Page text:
On a wing and a prayer

02 November 2006

‘We are drawn back to where we came from’

SOMEWHERE in the latter half of the 20th century, air travel and the aviation industry lost their way — not technologically nor economically, but in the sense that the wonder and the spirituality of flying disappeared.

Air travel has become a victim of its own success. It has developed so rapidly within 100 years that it is impossible to recapture the exhilaration that must have characterised those early flights, and the fear of divine retribution that the pioneers, like the mythical Icarus before them, would surely have felt for daring to approach the realm of the gods.

Now, a century after the Wright brothers first kept a contraption of wood and canvas in the air for a few seconds (pictured above), air travel is to take another leap forward. The Airbus A380, capable of ferrying no fewer than 800 passengers at great speed, has arrived.

This is the culmination of a revolution that began 15 years ago. Low-cost air journeys were made possible by the introduction of large aircraft powered by fuel-efficient engines in 1989, when the Boeing 747 Jumbo was introduced. Since then, air transport has become a bland part of daily life for millions of people.

One might have social or environmental reservations about the impact of cheap flights, but one can’t condemn outright a development that has enabled, for example, hundreds of thousands of Christians to fulfill their dreams of making pilgrimages to the Holy Land — a journey that would have been impossible for most of them only a decade or two ago.

But so routine has flying become that, as with rail travel, we tend only to comment when things go wrong. Many people this summer will return with horror stories of cancelled flights, overcrowded departure lounges, and rude or indifferent cabin staff. Few, I suspect, will be moved to comment on the excitement of that moment when the wheels leave the runway and the plane soars skywards.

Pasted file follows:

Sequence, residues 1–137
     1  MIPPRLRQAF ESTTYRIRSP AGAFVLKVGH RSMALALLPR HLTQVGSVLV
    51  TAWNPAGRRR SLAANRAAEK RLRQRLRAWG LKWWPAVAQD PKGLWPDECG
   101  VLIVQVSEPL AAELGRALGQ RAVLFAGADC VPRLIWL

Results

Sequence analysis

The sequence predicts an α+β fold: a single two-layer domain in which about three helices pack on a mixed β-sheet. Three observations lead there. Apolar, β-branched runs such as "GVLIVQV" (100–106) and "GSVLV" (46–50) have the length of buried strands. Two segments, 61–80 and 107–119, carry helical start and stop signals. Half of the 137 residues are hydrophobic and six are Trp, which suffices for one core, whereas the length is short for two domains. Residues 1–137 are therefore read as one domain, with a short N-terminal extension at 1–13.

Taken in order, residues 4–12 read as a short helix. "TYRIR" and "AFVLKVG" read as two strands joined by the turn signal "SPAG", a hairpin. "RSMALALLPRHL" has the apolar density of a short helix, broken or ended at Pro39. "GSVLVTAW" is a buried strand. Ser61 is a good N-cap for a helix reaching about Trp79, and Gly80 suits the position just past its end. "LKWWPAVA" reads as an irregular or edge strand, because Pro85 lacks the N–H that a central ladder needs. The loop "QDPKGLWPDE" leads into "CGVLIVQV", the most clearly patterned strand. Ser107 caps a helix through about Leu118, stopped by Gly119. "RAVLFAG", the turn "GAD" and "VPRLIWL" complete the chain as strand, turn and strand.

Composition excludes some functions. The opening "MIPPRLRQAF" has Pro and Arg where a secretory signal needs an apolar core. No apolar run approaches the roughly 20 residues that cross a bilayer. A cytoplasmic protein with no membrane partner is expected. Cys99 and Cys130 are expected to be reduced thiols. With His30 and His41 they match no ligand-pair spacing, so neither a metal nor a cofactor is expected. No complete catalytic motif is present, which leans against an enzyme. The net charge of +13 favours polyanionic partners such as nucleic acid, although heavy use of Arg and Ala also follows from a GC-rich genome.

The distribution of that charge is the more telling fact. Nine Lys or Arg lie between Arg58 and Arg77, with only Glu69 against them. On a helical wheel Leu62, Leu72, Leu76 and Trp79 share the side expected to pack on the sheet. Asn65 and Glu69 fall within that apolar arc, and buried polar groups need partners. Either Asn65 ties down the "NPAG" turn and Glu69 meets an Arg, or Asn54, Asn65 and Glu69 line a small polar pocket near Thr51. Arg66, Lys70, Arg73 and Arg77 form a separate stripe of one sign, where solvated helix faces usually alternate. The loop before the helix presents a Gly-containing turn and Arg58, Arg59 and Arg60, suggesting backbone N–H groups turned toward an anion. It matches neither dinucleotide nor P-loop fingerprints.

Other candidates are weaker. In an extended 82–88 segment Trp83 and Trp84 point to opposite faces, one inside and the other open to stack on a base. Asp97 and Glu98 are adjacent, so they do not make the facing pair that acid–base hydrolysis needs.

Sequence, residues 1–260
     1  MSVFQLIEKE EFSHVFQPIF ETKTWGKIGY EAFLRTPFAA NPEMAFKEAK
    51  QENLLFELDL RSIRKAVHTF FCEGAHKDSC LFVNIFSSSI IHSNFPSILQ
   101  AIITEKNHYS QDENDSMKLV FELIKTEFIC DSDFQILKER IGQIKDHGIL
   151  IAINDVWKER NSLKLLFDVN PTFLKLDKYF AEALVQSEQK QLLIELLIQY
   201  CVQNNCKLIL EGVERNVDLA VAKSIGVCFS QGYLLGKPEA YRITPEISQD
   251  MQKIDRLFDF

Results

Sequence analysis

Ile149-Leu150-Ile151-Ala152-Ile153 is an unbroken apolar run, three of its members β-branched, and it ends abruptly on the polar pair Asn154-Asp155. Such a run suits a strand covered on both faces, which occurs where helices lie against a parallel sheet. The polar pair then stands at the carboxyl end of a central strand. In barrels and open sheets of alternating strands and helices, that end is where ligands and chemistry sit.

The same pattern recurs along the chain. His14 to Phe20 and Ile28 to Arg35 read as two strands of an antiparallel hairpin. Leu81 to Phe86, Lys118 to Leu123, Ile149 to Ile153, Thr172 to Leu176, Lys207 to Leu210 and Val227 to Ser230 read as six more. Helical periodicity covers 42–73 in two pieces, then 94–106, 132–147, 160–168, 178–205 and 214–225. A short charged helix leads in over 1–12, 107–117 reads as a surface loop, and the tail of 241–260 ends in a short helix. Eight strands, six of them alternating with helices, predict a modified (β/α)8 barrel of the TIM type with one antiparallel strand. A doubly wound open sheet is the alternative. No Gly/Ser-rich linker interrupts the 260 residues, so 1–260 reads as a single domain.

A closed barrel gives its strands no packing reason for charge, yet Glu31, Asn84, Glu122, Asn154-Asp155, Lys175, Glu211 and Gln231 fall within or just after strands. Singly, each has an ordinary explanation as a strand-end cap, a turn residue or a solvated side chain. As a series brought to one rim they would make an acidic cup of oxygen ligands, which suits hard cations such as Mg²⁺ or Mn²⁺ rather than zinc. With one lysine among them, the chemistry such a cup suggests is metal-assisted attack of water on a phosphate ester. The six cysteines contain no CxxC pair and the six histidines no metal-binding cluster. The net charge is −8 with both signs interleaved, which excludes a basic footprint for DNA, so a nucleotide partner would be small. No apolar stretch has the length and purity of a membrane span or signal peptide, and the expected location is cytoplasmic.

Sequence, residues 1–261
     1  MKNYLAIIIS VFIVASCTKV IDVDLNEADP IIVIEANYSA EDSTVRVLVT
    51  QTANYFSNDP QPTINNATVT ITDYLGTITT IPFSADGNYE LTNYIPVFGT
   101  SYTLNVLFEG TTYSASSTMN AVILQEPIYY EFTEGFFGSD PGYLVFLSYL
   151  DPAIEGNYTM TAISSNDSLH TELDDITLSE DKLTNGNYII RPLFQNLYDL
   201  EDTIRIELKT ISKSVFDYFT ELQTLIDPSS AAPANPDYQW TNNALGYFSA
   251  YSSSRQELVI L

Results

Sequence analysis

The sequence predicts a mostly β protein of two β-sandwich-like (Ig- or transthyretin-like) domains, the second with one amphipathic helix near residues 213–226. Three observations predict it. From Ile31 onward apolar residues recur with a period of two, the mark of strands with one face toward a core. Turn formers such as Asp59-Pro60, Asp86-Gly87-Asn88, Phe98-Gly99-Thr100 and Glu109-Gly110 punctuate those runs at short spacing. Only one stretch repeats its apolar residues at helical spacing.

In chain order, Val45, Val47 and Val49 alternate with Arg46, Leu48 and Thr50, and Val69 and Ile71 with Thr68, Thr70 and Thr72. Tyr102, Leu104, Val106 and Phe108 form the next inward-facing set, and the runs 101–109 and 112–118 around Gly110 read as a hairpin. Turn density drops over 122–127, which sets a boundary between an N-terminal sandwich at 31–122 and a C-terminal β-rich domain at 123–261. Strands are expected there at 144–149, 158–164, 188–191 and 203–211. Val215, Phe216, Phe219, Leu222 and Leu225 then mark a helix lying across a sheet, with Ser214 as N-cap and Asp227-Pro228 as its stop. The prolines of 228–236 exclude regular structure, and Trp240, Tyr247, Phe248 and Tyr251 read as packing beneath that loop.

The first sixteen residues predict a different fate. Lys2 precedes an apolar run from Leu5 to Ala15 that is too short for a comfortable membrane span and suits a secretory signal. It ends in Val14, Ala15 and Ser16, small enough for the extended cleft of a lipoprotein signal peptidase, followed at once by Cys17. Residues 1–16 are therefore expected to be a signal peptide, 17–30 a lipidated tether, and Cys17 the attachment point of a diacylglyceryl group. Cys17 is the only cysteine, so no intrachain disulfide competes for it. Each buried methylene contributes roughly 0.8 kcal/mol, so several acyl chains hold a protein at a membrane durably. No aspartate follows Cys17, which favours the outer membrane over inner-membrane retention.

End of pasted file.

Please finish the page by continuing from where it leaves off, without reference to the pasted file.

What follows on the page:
Fewer still will give much thought to the spiritual dimension of their journey — that they have entered the realm that, for thousands of years, men believed literally occupied to be by angels. Mark Twain wrote at the end of the 19th century: “The air up there in the clouds is very pure and fine, bracing and delicious. And why shouldn’t it be? It is the same the angels breathe.”

Nor are travellers encouraged to notice and be inspired by such experiences. Departure lounges have become supermarkets and fast-food emporia. On board wide-bodied aircraft, only a small number of passengers sit close to windows, and few of them, in my experience, bother to look out of the windows. Instead, the focus is on activity within the cabin: eating and drinking, on-screen entertainment, and yet more shopping opportunities. So overwhelming are these distractions that the flight itself is hardly noticed.

FLYING is a modern technological miracle. Our ability to take to the skies is the fulfilment of a dream nurtured by mankind for thousands of years. “O that I had wings like a dove: for then I would flee away, and be at rest,” we read in Psalm 55.